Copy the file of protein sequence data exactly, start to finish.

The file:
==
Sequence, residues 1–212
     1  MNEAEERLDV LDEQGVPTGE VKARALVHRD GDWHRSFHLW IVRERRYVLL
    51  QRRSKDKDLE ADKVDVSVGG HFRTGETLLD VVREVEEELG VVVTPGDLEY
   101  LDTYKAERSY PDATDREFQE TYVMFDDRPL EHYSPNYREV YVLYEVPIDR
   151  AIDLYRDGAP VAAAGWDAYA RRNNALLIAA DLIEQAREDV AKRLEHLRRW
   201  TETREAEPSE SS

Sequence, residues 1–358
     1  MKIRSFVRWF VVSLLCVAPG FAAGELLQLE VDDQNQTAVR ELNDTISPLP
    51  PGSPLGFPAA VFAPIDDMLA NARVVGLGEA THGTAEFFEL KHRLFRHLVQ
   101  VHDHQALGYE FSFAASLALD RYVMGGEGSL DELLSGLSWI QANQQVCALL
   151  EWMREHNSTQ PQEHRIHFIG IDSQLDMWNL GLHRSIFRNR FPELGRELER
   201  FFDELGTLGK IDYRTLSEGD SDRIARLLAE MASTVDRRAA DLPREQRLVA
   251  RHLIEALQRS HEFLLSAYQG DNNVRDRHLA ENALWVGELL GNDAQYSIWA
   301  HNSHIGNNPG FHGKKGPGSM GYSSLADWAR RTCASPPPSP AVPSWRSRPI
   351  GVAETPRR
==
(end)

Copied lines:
Sequence, residues 1–212
     1  MNEAEERLDV LDEQGVPTGE VKARALVHRD GDWHRSFHLW IVRERRYVLL
    51  QRRSKDKDLE ADKVDVSVGG HFRTGETLLD VVREVEEELG VVVTPGDLEY
   101  LDTYKAERSY PDATDREFQE TYVMFDDRPL EHYSPNYREV YVLYEVPIDR
   151  AIDLYRDGAP VAAAGWDAYA RRNNALLIAA DLIEQAREDV AKRLEHLRRW
   201  TETREAEPSE SS

Sequence, residues 1–358
     1  MKIRSFVRWF VVSLLCVAPG FAAGELLQLE VDDQNQTAVR ELNDTISPLP
    51  PGSPLGFPAA VFAPIDDMLA NARVVGLGEA THGTAEFFEL KHRLFRHLVQ
   101  VHDHQALGYE FSFAASLALD RYVMGGEGSL DELLSGLSWI QANQQVCALL
   151  EWMREHNSTQ PQEHRIHFIG IDSQLDMWNL GLHRSIFRNR FPELGRELER
   201  FFDELGTLGK IDYRTLSEGD SDRIARLLAE MASTVDRRAA DLPREQRLVA
   251  RHLIEALQRS HEFLLSAYQG DNNVRDRHLA ENALWVGELL GNDAQYSIWA
   301  HNSHIGNNPG FHGKKGPGSM GYSSLADWAR RTCASPPPSP AVPSWRSRPI
   351  GVAETPRR